An Integrative Approach to Family Language Policy Experiences: The Case of French-English Bilingual Families in the UK

Wilson, Sonia (2019). An Integrative Approach to Family Language Policy Experiences: The Case of French-English Bilingual Families in the UK. PhD thesis The Open University.



The present mixed-method study examines the family language policies (FLP) of transnational French-English bilingual families in England. The research commences with a quantitative portion aimed at identifying existing parental beliefs and language management methods through an online survey (n=164). The findings revealed the strong presence of heteroglossic beliefs combined with more traditional monoglossic ideas about bilingualism. The survey results also highlighted significant incongruence between parents’ reported beliefs regarding the flexible nature of bilingualism and their support for a language separation strategy. The dynamic between ideologies, management and practices was essentially driven by the practical concern of increasing heritage language input rather than by ideology.

The second phase of the study was a qualitative investigation designed to obtain an emic perspective on how particular language policies were experienced by transnational families and their individual members. 6 of the 164 online respondents took part in case studies, together with their partners and school-age children. Drawing on a combination of interviews, language portraits and observations of family interactions, the findings revealed that language planning decisions were shaped not only by parents’ overt language ideologies but also by covert motivations closely linked to their level of attachment to their country of origin as well as their attitudes to the local culture. The results also demonstrated that FLP may have a profound impact on the experiences of all family members.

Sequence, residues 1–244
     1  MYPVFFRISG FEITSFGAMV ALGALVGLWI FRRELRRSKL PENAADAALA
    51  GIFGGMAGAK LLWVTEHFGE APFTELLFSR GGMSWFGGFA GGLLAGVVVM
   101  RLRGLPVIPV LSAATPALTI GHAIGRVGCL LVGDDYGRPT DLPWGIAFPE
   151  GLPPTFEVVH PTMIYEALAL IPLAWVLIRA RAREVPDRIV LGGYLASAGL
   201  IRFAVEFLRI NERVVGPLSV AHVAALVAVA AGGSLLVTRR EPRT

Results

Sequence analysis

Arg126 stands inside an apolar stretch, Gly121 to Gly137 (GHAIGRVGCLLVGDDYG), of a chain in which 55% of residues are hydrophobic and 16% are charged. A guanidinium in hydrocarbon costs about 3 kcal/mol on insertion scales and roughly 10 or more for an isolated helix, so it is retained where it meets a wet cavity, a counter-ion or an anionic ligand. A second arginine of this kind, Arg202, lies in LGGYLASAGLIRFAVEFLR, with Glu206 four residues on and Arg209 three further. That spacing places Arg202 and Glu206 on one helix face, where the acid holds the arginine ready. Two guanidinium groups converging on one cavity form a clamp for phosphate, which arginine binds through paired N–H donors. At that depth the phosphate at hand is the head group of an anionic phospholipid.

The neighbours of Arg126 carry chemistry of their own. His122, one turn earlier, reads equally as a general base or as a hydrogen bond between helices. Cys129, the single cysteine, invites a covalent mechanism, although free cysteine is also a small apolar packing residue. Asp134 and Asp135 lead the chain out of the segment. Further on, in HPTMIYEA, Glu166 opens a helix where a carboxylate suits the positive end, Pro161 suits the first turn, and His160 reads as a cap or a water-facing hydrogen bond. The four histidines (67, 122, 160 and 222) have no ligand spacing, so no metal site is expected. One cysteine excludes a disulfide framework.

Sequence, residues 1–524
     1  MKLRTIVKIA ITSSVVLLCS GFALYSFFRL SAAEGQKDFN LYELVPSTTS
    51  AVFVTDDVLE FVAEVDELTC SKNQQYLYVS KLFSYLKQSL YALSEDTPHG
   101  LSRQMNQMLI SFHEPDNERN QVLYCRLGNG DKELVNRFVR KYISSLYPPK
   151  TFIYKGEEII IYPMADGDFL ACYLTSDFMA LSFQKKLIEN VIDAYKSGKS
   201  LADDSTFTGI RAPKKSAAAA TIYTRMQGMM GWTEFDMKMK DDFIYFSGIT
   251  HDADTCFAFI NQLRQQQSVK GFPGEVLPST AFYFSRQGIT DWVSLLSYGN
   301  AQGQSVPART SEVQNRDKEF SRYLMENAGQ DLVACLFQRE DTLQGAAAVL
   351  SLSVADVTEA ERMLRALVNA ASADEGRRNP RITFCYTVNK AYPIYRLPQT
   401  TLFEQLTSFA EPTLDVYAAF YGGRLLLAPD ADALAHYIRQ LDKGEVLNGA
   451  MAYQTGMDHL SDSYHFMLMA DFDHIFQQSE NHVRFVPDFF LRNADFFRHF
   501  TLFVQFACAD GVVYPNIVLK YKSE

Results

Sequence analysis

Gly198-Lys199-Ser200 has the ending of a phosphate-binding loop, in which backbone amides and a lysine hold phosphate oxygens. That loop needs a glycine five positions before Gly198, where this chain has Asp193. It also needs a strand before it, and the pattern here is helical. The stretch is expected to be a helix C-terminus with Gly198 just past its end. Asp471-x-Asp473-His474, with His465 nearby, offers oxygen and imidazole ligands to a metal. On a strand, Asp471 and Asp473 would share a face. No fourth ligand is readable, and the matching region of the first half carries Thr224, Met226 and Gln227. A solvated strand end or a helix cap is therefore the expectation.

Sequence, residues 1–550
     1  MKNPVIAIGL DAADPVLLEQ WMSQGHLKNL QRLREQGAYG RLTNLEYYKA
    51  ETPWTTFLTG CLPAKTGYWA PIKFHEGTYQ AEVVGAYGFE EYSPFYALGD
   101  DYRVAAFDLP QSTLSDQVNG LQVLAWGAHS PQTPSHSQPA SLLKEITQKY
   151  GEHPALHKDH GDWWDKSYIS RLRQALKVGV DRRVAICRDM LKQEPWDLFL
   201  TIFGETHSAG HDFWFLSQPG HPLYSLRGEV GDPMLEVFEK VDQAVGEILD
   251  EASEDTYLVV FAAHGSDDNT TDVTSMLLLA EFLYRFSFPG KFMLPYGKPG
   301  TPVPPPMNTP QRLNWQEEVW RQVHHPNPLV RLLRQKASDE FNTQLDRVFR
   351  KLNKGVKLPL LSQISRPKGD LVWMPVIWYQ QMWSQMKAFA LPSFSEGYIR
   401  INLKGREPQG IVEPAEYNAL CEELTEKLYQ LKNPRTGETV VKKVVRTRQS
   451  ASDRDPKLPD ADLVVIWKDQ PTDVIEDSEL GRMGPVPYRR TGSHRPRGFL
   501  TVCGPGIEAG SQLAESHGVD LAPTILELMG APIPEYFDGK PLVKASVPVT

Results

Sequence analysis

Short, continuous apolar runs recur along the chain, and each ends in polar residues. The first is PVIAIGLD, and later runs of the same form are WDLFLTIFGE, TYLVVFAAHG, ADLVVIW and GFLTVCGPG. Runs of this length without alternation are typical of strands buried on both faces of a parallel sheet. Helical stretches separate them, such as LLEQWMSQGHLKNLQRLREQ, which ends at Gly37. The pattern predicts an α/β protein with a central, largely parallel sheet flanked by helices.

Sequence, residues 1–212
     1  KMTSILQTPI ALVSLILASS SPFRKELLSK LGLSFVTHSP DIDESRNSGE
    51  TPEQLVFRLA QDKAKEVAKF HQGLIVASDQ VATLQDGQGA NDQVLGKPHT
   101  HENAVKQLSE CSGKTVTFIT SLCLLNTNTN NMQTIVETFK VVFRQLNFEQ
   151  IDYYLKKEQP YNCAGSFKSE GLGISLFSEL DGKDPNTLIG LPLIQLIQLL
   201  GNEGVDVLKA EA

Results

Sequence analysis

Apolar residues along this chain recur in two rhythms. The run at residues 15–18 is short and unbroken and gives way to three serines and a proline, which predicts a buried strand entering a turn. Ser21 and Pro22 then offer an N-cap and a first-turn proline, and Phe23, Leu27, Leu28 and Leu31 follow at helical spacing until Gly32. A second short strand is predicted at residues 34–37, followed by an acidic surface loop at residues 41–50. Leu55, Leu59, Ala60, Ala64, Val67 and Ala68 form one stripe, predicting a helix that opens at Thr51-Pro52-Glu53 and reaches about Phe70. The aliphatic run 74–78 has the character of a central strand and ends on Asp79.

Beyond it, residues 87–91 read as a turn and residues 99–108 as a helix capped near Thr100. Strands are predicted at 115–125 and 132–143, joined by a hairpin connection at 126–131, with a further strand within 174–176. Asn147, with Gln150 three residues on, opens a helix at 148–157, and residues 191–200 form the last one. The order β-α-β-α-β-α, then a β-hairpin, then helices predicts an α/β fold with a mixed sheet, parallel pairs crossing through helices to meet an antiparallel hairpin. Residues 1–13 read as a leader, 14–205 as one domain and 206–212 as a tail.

This study argues that in order for parents to embrace their heteroglossic beliefs and engage in flexible language practices, additional sources of heritage language input must be provided to multilingual families. Additionally, it is essential that researchers adopt a more integrative approach to FLP including young heritage speakers’ perspectives in order to understand the impact of parental language planning on children’s bilingual experiences.

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